Women In Supply Chain – Avetta White Paper
Recent research shows that even though women make up about 40% of the total supply chain workforce, only about 15% of organizations have women representing them at executive levels. The numbers clearly don’t add up. There is a distinct lack of gender-based parity in the industry workforce makeup and the associated reasons for such are often varied, disparate, and complex.
A diverse workforce is both more productive and substantially more adept at embracing innovation. Other benefits of workplace diversity include the availability of multiple perspectives, greater degree of talent retention, improvement of brand reputation, and enhanced company culture.
A McKinsey study shows that if women could fully participate in paid work instead of handling traditional unpaid roles, it would add a staggering US$28 trillion to the global gross domestic product (GDP); a 26% forecasted increase that is achievable by 2025. Additionally, studies show that since women are responsible for driving almost 70 to 80% of all consumer purchases, they can help an organization make better marketing decisions and adopt more streamlined product launch strategies.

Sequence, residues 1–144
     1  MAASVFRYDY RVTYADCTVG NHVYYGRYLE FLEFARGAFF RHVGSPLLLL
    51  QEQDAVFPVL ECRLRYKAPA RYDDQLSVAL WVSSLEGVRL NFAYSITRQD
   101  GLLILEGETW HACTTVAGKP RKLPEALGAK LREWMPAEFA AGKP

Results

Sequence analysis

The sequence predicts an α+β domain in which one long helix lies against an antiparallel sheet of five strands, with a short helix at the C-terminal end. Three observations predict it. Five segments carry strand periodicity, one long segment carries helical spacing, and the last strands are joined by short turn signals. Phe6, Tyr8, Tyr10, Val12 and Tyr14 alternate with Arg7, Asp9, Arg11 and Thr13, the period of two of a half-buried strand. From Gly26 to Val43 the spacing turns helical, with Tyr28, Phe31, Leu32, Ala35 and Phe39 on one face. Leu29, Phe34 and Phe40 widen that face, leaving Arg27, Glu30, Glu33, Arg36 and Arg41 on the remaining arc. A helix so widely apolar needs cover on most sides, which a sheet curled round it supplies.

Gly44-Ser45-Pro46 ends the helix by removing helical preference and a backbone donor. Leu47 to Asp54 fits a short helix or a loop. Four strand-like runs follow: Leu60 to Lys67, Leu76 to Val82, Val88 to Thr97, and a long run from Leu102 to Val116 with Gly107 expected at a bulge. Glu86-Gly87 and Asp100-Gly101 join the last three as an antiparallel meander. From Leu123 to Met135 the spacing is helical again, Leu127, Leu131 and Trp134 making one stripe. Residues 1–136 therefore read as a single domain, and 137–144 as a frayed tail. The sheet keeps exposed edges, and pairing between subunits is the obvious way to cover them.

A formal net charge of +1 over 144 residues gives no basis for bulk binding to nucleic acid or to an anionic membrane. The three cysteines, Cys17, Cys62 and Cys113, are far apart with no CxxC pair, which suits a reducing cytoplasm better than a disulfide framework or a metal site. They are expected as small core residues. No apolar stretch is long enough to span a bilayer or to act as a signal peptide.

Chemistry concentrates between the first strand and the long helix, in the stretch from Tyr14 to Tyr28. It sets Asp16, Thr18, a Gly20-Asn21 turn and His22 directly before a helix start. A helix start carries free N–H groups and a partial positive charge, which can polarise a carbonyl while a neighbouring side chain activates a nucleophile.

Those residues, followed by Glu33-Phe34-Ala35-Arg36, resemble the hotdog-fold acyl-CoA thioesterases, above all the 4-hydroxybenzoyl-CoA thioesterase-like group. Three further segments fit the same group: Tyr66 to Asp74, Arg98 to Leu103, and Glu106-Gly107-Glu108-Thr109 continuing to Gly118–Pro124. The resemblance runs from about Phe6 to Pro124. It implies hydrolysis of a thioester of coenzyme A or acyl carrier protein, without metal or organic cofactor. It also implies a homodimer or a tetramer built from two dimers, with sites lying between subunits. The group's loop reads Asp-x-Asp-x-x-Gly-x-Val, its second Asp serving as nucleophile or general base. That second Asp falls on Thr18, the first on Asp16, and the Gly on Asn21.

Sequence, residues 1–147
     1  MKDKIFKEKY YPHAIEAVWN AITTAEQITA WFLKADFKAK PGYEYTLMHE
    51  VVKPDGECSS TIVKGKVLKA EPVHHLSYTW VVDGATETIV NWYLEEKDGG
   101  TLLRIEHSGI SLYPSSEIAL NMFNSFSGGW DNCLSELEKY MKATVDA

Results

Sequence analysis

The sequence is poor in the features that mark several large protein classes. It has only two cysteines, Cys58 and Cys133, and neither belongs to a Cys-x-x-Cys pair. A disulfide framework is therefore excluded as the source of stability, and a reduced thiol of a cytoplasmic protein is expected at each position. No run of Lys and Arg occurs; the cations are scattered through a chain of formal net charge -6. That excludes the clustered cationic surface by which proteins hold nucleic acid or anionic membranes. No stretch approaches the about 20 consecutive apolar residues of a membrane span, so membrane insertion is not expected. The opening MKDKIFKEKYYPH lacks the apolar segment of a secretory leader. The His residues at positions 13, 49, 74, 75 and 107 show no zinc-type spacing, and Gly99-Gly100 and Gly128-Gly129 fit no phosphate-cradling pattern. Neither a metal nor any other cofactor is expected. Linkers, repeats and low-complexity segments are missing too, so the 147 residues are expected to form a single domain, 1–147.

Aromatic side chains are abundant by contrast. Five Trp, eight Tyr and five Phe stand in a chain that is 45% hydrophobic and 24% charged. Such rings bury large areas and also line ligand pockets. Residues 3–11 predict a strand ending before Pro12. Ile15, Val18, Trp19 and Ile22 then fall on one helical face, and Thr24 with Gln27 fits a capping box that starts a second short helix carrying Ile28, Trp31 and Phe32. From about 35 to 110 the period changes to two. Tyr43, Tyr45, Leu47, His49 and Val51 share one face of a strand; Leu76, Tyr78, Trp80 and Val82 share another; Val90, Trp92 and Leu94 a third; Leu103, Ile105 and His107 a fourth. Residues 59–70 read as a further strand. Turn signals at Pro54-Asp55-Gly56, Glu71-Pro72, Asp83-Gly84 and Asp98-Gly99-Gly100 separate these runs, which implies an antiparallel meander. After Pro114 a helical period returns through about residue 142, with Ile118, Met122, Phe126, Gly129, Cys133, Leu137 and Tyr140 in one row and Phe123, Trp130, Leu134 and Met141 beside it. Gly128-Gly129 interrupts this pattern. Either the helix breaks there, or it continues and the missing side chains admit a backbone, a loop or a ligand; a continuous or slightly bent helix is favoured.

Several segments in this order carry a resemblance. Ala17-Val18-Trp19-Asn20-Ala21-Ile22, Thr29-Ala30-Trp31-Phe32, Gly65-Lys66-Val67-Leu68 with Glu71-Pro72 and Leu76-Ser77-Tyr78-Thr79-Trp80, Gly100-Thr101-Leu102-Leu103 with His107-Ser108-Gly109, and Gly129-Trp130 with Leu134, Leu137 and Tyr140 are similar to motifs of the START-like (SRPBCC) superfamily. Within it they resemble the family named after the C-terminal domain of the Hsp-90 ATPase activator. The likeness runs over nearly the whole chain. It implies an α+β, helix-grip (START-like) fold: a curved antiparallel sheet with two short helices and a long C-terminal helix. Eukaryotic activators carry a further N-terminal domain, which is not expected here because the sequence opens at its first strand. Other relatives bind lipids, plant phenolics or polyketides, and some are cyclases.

Overall, the case for gender diversity in the workforce can be cemented with a 2019 McKinsey analysis which found that organizations within the topmost quartile for gender diversity on executive teams were significantly more likely (25% more- up from 21 percent in 2017 and 15 percent in 2014 ) to have higher than average profitability than the companies appearing in the bottom quartile.
Companies that attract and retain a gender-diverse workforce are indicative of a more stable ecosystem that promotes inclusion and growth. Even within the supply chain industry, studies indicate that more gender inclusive organizations are seen as better and are considered twice as likely to meet or even overhaul their financial targets. The same study also reveals that the organizations promoting greater gender diversity have a 35% more chance to outperform their industry competitors, are eight times more likely to improve overall business outcomes, and have a six-fold chance to innovate better than the peers.